This is a very important question to consider at every moment of the day, regardless of the person or group for whom you’re in relationship. But you may be thinking, “but we’re not on the same team!” Ah, yes, this is the problem…we think we’re not on the same team. But this is just a product of mind or how our brains dupe us into believing such a silliness.
So what does it mean to be on the opposite team? What does this look and feel like? The simplest way to explain this is to not…it’s to experience it and sadly, it shouldn’t take too long before you encounter this with someone in your day and this is because most of us are fooled by our mind. We can experience it in traffic when people speed ahead to get in front of you, when you’re working with someone and trying to make a decision as a team, with your partner when discussing something heartfelt or personal…opportunities to witness are all over the place.
When I feel this during an interaction or witness it, I feel walls go up, people harden (even if it’s a subtle hardening), they take political positions and so on. It’s hard to put into words but I can very much feel the intention or attitude of, “I’m against you” or “I’m going to take a position in my corner because I don’t feel that you’re in mine.” When we do this positioning, we are now in a stance of aggression and rejection. Which means that we’re not listening to, we’re not trying to understand the other person, we’re not seeing our commonalities and common desires and we’re not working together to improve the situation for everyone. Instead, we’re working for ME.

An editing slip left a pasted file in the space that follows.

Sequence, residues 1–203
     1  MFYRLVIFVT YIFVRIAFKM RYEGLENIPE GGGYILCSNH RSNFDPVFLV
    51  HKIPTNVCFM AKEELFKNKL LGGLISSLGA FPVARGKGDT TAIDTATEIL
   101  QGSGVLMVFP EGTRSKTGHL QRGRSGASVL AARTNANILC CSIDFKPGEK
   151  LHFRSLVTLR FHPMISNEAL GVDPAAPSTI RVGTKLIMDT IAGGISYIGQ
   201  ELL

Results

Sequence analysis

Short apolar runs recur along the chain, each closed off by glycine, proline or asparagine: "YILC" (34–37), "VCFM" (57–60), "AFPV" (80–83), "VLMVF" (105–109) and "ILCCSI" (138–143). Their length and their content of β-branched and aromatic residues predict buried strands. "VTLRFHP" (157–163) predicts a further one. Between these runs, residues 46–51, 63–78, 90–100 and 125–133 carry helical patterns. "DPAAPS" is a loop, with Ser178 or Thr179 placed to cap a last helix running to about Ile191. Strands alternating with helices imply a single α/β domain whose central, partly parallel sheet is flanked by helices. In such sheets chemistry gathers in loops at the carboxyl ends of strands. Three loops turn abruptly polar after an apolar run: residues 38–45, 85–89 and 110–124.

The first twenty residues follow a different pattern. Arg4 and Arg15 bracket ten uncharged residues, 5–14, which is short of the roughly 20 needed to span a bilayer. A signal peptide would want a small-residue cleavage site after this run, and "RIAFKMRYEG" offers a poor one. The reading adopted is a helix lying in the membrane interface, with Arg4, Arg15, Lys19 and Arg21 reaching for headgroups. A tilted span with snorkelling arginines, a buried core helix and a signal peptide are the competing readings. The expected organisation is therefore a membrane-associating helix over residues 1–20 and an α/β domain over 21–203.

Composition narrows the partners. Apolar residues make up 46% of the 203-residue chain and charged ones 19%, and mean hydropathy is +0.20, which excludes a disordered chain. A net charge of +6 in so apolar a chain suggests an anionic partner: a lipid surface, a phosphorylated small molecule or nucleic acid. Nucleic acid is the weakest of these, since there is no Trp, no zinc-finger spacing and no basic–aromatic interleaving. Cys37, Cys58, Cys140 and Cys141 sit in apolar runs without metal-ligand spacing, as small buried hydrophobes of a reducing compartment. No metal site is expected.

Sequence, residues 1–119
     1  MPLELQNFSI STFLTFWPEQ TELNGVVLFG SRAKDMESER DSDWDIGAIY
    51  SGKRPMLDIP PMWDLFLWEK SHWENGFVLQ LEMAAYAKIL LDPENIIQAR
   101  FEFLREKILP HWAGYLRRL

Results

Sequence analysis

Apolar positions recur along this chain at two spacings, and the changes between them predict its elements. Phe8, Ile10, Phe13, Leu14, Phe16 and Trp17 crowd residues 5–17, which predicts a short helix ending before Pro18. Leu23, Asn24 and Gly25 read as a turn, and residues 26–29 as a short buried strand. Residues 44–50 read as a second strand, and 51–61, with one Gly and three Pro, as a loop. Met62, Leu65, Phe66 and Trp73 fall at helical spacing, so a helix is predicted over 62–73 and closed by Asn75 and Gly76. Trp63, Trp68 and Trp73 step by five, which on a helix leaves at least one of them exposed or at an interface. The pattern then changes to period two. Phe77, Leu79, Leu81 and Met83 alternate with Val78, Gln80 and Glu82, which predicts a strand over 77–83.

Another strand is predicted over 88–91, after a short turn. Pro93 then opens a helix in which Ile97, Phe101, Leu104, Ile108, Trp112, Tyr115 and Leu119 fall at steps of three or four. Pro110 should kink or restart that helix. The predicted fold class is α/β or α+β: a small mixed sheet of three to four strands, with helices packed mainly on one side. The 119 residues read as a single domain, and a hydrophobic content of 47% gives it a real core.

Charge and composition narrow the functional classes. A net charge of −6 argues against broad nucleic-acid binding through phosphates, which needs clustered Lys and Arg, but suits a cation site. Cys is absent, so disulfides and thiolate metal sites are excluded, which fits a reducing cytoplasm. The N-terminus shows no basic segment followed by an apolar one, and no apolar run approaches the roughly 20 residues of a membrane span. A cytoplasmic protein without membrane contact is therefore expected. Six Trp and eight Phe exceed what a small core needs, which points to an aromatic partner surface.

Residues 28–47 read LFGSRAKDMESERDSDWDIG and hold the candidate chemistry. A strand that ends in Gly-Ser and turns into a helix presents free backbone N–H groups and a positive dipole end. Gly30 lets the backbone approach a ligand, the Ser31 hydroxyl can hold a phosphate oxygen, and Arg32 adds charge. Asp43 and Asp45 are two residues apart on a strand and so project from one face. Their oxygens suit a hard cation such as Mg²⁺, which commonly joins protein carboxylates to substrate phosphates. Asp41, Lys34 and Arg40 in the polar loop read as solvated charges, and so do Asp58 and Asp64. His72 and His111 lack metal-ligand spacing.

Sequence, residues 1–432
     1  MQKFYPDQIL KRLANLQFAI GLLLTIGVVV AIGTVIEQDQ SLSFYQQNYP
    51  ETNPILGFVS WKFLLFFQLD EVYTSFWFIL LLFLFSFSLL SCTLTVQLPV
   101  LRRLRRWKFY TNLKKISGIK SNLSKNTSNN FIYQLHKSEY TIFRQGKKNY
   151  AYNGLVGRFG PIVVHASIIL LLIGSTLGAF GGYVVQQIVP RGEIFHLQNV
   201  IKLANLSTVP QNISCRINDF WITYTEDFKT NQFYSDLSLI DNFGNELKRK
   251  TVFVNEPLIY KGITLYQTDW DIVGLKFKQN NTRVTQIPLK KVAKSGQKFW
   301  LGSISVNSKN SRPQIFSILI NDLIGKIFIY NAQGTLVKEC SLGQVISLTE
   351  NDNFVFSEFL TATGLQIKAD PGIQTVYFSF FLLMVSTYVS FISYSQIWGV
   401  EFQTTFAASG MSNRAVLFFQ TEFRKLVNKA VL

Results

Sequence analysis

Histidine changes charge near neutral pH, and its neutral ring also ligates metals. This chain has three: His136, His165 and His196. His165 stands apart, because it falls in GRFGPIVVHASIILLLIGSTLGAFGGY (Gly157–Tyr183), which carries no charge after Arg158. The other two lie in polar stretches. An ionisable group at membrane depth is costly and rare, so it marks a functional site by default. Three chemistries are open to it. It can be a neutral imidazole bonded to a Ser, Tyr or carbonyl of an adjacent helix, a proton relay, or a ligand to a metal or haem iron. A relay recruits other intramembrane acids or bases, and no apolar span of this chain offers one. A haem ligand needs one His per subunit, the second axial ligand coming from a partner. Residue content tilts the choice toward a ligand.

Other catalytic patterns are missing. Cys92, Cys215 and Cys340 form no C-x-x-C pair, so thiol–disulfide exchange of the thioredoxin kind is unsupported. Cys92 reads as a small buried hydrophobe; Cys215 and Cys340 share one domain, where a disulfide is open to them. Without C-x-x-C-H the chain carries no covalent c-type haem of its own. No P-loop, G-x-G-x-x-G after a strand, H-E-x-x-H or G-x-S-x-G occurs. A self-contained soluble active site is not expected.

Even if we need to work on our own behalf in order to care for ourselves, we can still be on the same team. So what does it take to be on the same team? What does it feel like? Well, we need to muster the courage to practice vulnerability, caring, honesty and patience. We also need to arrive at the belief that the relationship is the priority and not our ego. Here, ego manifests itself as the need to be right, to be affirmed, to be told that we’re good or our belief that people must be okay with with we think, feel and do in order to feel good about who we are.
If we’re able to let go of ego needs and stay with the intention and practices mentioned, we can actually feel quite a beautiful thing happen. It doesn’t mean that everything goes smoothly and we don’t argue but there’s a heartfelt sense that the relationship is okay, that we’re okay. If we have an addiction to goodness, pleasantness, being happy all of the time then this means we’re not willing to be vulnerable and experience, within the presence of other people, the entire realm of emotions.
Being on the same team means that we’re honest, open and driven by a fundamental caring for the other person and ourselves. We’re striving to determine what we can do together, in the short-term and long-term, where there will be a nice balance of people being free to be deeply authentic (which does not mean automatic) but that we have identified common things that we value and work to promote or uphold.
So do a little check in your life…when do you take your corner? When do you defend? When are you ready to pounce, belittle, discredit, speak down to and what’s going on for you? If you can recognize your own patterns you can then find freedom from these automatic responses, which I refer to as reactivity. If we don’t work to know ourselves and figure out how to be on the same team, regardless of what the other person does, we’ll continue to experience the same difficulties and will probably feel pretty lonely along the way.
So what do you say, shall we give it a try?